Majority view peace as very important to their future
BEIRUT -- Most Palestinians likely have low expectations for formal peace talks between Israelis and the Palestinians that are scheduled to take place in the coming weeks. Nearly three in four Palestinians surveyed in late May and early June do not expect a permanent peace accord will ever be realized. Fewer than one in five foresee it happening.
Palestinians have consistently been pessimistic about the possibility of peace for the past several years. This despairing attitude likely finds its roots in the attempts -- and failures -- to resolve this conflict, including the first Oslo Accords, which were announced almost 20 years ago. The Oslo Accords were often labeled as a historic turning point in agreeing to a formula of coexistence and presumed partnership between the two antagonists.
On the other side of the negotiating table, the majority of Israelis are also doubtful of ever reaching a permanent peace agreement, but they are less skeptical than Palestinians. More than half of Israelis interviewed in October 2012 said they do not expect peace to ever be achieved, while nearly three in 10 (29%) were optimistic and 13% did not know what to expect.
Most Palestinians See Peace as Vital to Their Future
Any deep-seated doubts about permanent peace do not overshadow the importance Palestinians put on peace to their future safety and security and Palestine's economic prosperity and international respect. Eighty-five percent of Palestinians see achieving a peace treaty as "very important" to the future facing them and their families. Slightly fewer, but still a substantial majority (80%), consider it very important to their personal safety and for the security of Palestinians.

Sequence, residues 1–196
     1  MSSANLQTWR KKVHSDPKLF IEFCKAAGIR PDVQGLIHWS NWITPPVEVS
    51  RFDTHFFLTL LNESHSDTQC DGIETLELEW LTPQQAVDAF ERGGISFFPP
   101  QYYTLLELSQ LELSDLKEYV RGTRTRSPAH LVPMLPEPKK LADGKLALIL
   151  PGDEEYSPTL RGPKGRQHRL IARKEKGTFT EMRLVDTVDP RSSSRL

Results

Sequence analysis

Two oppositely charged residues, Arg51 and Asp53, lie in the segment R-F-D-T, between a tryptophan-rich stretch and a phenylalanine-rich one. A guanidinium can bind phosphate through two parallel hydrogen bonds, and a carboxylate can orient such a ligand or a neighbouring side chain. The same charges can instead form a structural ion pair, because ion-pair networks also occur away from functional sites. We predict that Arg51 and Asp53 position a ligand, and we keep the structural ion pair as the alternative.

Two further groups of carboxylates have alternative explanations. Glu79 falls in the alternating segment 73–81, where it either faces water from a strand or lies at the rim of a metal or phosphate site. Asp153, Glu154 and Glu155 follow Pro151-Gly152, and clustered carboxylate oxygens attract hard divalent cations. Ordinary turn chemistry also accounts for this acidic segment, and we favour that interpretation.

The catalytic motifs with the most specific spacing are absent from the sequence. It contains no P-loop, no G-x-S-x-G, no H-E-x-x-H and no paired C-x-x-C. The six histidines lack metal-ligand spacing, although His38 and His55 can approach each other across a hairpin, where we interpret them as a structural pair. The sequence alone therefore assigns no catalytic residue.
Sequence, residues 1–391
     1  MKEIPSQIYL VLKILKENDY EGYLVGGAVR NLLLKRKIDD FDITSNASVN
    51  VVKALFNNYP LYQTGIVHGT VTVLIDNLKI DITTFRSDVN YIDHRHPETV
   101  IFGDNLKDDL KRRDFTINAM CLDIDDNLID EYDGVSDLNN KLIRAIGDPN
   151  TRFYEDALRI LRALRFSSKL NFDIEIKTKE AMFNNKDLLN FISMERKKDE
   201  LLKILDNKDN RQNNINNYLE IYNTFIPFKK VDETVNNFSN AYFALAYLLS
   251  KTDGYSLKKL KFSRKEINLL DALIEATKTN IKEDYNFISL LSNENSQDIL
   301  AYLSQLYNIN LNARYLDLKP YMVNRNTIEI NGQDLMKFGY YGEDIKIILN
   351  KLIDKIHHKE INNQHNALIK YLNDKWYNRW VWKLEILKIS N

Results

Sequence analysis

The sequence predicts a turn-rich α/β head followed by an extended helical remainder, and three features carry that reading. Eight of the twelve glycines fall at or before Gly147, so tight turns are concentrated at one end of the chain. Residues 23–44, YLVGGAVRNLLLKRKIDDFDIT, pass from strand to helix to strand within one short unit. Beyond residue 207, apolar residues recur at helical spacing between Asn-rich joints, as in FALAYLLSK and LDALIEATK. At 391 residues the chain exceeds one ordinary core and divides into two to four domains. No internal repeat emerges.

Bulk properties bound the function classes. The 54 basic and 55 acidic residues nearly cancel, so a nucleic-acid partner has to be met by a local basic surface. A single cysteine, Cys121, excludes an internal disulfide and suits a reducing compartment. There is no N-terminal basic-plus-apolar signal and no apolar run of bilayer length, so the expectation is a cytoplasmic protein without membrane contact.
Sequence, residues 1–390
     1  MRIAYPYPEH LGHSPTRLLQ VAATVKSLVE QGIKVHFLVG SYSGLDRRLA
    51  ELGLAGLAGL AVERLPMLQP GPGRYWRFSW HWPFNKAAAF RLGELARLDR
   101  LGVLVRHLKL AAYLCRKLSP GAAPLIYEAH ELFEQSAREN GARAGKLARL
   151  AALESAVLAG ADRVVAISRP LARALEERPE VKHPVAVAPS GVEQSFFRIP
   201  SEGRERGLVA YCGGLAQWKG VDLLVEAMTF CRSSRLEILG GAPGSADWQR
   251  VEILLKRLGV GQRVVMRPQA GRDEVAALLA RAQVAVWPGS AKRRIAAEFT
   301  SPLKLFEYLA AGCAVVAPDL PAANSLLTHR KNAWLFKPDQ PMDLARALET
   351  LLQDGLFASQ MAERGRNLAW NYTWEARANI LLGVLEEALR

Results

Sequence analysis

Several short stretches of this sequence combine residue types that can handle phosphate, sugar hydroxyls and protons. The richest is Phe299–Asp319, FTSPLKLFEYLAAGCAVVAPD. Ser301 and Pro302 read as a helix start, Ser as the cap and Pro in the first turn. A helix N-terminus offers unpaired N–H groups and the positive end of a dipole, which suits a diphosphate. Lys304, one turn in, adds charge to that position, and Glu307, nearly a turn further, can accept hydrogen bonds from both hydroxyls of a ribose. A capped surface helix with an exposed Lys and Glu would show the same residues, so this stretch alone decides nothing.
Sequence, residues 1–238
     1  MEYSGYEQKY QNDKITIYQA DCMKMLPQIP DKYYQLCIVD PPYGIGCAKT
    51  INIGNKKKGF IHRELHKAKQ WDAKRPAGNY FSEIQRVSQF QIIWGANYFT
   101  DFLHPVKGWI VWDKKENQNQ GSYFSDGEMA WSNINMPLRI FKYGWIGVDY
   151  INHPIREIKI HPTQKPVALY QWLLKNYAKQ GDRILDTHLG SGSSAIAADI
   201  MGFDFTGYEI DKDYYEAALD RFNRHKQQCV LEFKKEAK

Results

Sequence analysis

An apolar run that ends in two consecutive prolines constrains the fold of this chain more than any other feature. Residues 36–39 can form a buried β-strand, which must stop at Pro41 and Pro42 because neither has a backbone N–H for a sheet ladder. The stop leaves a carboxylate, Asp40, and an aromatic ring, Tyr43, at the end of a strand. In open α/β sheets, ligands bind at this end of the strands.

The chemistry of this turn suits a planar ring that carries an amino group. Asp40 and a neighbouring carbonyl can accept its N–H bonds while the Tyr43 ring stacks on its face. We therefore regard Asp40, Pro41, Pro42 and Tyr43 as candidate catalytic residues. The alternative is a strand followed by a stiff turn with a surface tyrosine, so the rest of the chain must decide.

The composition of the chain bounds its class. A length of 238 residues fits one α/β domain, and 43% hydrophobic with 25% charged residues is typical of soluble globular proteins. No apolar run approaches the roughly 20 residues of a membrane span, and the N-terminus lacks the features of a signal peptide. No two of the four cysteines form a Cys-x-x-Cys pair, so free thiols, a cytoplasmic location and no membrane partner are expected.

A solid 78% see a peace treaty as key to economic prosperity. International respect for Palestine is another perceived benefit of a peace treaty, with 79% saying that is very important.
As the Palestinians and Israelis sit at the negotiating table, not only does the legacy of the longest deadlocked bloody conflict in the Middle East haunt them, but also the public skepticism that permanent peace will ever become reality.
The more apparent issues Palestinians consider as a top priority are agreements on border lines, release of Palestinian prisoners, freeze of settlements on the West Bank, and economic and military security issues. From the perspective of the average Palestinian, two decades have passed without any of these issues being successfully addressed either through mediated or unmediated negotiation. Against this mix of hopelessness of realizing permanent peace and the strong belief in the dividends of peace, a breakthrough may be in the hands of the current U.S. administration whereas all other previous have faltered.
For complete data sets or custom research from the more than 150 countries Gallup continually surveys, please contact us.
Results are based face-to-face interviews with approximately 1,000 adults, aged 15 and older, conducted in May-June 2013 in the Palestinian Territories and in October 2012 in Israel. Results for the 2006, 2007, 2011, and 2012 surveys are based on interviews with approximately 1,000 adults each year. For results based on the total sample of national adults in the May-June survey, one can say with 95% confidence that the margin of sampling error is ±3.7 percentage points. In addition to sampling error, question wording and practical difficulties in conducting surveys can introduce error or bias into the findings of public opinion polls.
For more complete methodology and specific survey dates, please review Gallup's Country Data Set details.